Guy’s news: Toxic exports

When I was a teenager, my brother was hospitalised with Paraquat poisoning after spraying weeds with a leaking knapsack; skin contact alone was enough to make him seriously ill. I frequently suffered headaches and nausea as a young man spraying crops, and my decision to farm organically was initially driven simply by a desire not to handle those chemicals. Despite assurances of safety
by manufacturers and regulators, most of the pesticides we used in the ‘70s and ‘80s have since been banned as evidence of damage to the environment or human health accumulated. Paraquat is among the most toxic both to humans and animals, and has also been linked to the development of Parkinson’s disease in farm workers. The danger it poses to human health is such that the chemical was outlawed by EU states in 2007, yet this week The Guardian revealed that Paraquat is still being manufactured in the UK, but for export. According to the article, 122,831 tonnes has been exported since 2015, 62% of which has gone to developing countries including Mexico, Indonesia and India.

Many farmers using Paraquat and other agrochemicals in these countries are illiterate and have little appreciation of the dangers involved, frequently applying them with no protective clothing whatsoever. Profiting from the lack of chemical regulation and education in such places is a human rights abuse up there with modern slavery; for the UK government to be complicit is staggering. While Paraquat is banned in over 40 countries, including Switzerland (home to manufacturer Syngenta), it is so unregulated and available in these developing countries that it is the suicide tool of choice, often by the very poverty-stricken farmers to whom it is marketed.

History has shown that the agrochemical giants profit from the chemicals they produce for as long as possible and move on, leaving the environment and the rest of humanity to pay the price. The fact is there’s no shortage of genuinely effective alternatives to Paraquat, but no-one makes money from sharing this farming knowledge, so GM seeds, Paraquat, and many other agro-chemicals are peddled unchecked to the uneducated and vulnerable as ‘progressive farming’, while the ethics that surround it could not be more backward.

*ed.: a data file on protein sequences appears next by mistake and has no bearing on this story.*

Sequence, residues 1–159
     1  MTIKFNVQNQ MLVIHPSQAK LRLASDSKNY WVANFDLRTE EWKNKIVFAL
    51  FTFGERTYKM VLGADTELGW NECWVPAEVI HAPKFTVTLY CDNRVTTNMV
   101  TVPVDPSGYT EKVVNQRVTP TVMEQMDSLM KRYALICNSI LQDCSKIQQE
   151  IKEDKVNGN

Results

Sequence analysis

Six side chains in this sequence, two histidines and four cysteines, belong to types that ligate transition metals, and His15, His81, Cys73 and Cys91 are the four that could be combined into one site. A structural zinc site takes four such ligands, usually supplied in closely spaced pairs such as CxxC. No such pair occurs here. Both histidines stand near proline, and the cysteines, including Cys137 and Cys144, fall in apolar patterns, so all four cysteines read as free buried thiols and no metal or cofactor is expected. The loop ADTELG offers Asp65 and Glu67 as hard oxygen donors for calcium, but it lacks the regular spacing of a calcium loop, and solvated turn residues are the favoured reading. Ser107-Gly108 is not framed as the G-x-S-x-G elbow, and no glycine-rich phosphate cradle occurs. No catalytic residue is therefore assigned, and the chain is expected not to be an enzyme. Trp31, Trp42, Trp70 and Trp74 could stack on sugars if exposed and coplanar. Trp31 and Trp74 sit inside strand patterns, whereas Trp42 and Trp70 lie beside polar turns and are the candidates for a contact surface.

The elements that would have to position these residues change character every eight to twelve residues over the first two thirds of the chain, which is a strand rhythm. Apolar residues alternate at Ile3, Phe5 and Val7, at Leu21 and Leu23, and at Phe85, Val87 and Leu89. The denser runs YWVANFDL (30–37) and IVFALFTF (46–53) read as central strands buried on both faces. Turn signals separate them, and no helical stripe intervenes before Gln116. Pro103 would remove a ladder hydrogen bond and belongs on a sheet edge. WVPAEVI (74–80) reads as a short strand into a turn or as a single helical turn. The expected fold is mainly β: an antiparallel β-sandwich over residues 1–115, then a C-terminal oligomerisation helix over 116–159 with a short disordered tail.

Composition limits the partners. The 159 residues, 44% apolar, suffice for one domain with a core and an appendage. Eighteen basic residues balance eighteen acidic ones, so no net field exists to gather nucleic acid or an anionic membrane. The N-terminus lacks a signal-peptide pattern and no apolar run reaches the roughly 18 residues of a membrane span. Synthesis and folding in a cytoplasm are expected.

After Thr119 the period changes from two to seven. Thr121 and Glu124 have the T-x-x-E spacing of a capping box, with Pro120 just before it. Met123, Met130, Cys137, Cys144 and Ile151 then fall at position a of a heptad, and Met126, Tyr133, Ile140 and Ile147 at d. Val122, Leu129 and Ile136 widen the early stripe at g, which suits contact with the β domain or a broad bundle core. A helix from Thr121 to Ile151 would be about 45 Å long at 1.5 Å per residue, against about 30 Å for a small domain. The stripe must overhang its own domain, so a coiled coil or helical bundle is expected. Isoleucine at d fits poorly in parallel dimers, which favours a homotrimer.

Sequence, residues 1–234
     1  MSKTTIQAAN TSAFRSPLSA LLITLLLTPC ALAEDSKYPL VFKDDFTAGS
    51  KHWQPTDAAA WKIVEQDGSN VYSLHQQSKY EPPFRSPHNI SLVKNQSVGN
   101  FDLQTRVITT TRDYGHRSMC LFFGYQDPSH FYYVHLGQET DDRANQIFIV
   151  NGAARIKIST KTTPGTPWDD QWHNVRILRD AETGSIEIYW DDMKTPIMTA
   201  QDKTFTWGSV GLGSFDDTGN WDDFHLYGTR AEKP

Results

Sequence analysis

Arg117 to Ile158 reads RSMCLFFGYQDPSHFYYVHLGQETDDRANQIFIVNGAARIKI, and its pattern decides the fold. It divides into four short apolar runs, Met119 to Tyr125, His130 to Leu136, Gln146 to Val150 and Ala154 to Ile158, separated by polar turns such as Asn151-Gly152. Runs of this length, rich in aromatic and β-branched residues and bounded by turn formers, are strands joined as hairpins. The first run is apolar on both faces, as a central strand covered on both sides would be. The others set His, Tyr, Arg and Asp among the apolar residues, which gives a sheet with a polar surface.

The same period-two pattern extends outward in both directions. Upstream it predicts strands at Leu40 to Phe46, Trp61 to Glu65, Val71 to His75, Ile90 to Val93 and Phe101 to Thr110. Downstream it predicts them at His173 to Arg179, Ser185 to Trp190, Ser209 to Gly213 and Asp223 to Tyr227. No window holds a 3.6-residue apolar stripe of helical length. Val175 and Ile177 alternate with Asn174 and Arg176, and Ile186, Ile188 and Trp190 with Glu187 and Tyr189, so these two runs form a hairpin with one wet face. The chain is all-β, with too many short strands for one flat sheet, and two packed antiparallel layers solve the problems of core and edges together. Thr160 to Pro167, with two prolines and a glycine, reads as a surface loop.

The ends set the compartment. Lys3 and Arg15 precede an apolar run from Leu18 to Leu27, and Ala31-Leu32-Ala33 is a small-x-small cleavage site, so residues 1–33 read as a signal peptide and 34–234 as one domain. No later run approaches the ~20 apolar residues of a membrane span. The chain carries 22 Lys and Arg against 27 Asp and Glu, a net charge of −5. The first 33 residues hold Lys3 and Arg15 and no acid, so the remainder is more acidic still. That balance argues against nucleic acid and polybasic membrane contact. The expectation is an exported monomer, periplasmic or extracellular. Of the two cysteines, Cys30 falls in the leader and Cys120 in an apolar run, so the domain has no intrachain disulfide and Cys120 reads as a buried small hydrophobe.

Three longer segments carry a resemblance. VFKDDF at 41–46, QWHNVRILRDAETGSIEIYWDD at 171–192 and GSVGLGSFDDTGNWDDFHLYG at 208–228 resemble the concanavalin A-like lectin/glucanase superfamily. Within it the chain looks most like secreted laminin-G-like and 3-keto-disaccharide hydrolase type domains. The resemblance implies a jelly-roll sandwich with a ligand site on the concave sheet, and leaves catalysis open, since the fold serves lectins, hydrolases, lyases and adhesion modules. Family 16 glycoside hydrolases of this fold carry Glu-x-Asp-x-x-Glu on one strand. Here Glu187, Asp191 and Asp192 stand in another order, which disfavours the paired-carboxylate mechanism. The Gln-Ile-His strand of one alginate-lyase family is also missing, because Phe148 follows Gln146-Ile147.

Guy Watson

31 responses to “Guy’s news: Toxic exports

  1. Is there any group in the UK pressurising the government and the manufacturer to stop this?

  2. Thank-you for sharing your personal experience and
    The ruthless practice of big business is sad and shocking. The fact that Britain exports noxious, deadly chemicals is abhorrent! It wold have been great if you could have included a link to the article so that we read more.
    Thankfully organic farming offers a delicious, appealing and affordable alternative – good for the earth and good for our health!
    Viva

  3. Truly shocking!

  4. Thank you, Guy, for highlighting this.
    Dawn, I read it on Tuesday, but I read the Australian edition. You’ll find it if you search the Guardianonline search box.

  5. Great comment; spelling oops: “peddled” ie sold, not “pedalled” as in bicycle.

  6. Paul R. Richardson

    Over a decade ago I read an American book by the title of ” The History of Cancer.” It was an extremely damning book about the chemical companies knowledge of the impact of of the effects of chemical on human health. The CEO were so focused on profits over responsibilities to their customers that the earth & its populations are suffering the consequences of this greed.
    Those of us who understand the damage caused by these toxic chemicals must shout out about the dangers they cause to protect the people who do not know and have no voice to protect theemselves.

  7. Another interesting and thought-provoking article. Thank you.

  8. Thank you for alerting the “Riverford community” to this shocking information about production in UK and export to developing countries of poisonous agrochemicals which are banned from use here. What is needed I think is that alongside any duty to create profit for shareholders must be a duty to avoid harm to people and the environment world wide.

  9. Here in France, I receive petitions to sign by email. ‘Sum of us ‘has been campaigning against the merger of Monsanto and other chemical companies. Anyone can launch a petition on one of these sites.
    us@sumofus.org
    change@mail.change.org

  10. Thanks for this. You or someone else need to shout louder about it. I read The Guardian but most people don’t. I have a friend who is dying of Parkinson’s disease who worked as a gardener for the local council in the 60’s and 70’s.